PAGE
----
Hard Inquiry vs. Soft Inquiry

Inquiries, at the core, are marks that are reported on your credit report by establishment when you either attempt to open a new line of credit, extend a line of credit, or happen to check your credit score or report. However, there are two different forms of inquiries, hard and soft. These two terms are commonly mixed up, so we will clear that up for you as well. A Hard inquiry is a mark for when an individual tries to open a new line or extend a line of credit. This type of inquiry is more important as it may impact your credit score. Soft Inquiries on the other hand are marks reporting when your credit report is pulled. This will not impact your credit score, even though it’s reporting on your credit report. One note to consider: these marks should only stay on your credit report for two years. This is why it’s always good to check your credit report!

Credit Utilization

In our opinion, credit utilization is one of the most important credit terms and concepts for credit holders to know. Credit utilization is a concept of how much credit you have used in comparison to how much credit you have been granted. For example, if you have been given a limit of $10,000 and only used $3,000 of credit thus far – your utilization is 70%, which is decent. Credit utilization provides a wealth of information to lenders, such as how responsible you are, how you handle debt, and what type of spender you are. In our experience, credit utilization is one of the first areas that businesses will take into consideration for approving a loan or extended one. This is something to be aware of when you apply for a business credit card as well.

Annual Percentage Rate

The last concept on our list for today is APR, or annual percentage rate. This is a term that is tossed around in the credit and loan industry, especially in commercials. Have you ever heard of this: 0% APR for the first 12 months! Typically, companies use this as a marketing technique; however, most people have no idea what this really means. APR represents a percentage of how much you owe, combining both fees and interest rates, in a given year. APRs can be found on credit cards, mortgages, and many other types of loans. One word of caution, when dealing with credit card APRs, they will not note your fees – only your interest rates of what you will be paying.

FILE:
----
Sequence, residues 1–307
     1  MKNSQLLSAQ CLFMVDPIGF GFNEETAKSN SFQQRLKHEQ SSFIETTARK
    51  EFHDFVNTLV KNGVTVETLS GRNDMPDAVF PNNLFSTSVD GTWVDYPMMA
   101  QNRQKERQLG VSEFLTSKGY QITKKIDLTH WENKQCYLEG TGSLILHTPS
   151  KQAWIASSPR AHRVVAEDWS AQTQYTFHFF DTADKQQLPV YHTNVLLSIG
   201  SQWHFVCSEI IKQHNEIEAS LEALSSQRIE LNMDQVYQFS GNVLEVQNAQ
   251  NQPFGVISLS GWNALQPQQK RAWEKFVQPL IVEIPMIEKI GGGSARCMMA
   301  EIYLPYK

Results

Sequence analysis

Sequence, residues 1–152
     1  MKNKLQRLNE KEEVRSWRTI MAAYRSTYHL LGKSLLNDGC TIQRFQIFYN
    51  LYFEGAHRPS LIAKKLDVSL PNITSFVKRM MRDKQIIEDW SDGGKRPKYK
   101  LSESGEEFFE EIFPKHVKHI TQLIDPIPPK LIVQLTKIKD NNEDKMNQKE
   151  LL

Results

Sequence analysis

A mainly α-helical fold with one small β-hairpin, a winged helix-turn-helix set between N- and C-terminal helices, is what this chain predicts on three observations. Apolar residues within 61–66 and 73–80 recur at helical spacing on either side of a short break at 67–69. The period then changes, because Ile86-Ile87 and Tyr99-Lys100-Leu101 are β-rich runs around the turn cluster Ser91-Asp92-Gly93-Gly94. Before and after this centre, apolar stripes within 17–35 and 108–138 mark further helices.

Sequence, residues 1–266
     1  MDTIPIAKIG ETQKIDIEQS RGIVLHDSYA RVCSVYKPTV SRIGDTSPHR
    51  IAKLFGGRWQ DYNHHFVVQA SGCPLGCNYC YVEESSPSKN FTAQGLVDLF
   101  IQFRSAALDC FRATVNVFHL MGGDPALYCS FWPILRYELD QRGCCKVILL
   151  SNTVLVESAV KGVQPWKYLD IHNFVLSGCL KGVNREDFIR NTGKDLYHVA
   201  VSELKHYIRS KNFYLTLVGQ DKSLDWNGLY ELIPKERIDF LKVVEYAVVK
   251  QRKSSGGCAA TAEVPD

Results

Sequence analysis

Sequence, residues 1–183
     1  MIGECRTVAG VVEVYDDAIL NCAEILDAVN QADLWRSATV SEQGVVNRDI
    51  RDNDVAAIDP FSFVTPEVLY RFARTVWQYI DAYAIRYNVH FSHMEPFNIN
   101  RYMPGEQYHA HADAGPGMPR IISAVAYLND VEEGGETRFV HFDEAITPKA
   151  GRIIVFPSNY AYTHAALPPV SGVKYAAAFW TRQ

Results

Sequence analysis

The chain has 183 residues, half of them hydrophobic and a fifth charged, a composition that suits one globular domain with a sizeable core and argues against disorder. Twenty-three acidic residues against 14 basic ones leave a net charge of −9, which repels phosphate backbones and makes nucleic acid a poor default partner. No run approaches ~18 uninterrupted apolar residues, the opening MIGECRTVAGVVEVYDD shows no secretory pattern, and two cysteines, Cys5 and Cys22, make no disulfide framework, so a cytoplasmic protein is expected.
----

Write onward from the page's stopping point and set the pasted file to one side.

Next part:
Expand Your Knowledge of the Credit Industry

With these credit terms and concepts, you can begin to see how the credit industry truly functions at an even deeper level. Now, your goal as a consumer and credit holder is to continue to expand your knowledge of the credit industry. This is truly the best way that anyone can begin to make credit work for them, and cast aside the fear and negative connotations casted on the industry. With that said, if you are ready to learn some new information on the credit industry, check out this article here!

David Warner

David Warner

Financial Advisor -

David is our in-house financial advisor with years of experience in the credit card industry. He became interested in credit cards after working for several years at a major bank. He holds a Masters Degree in Finance.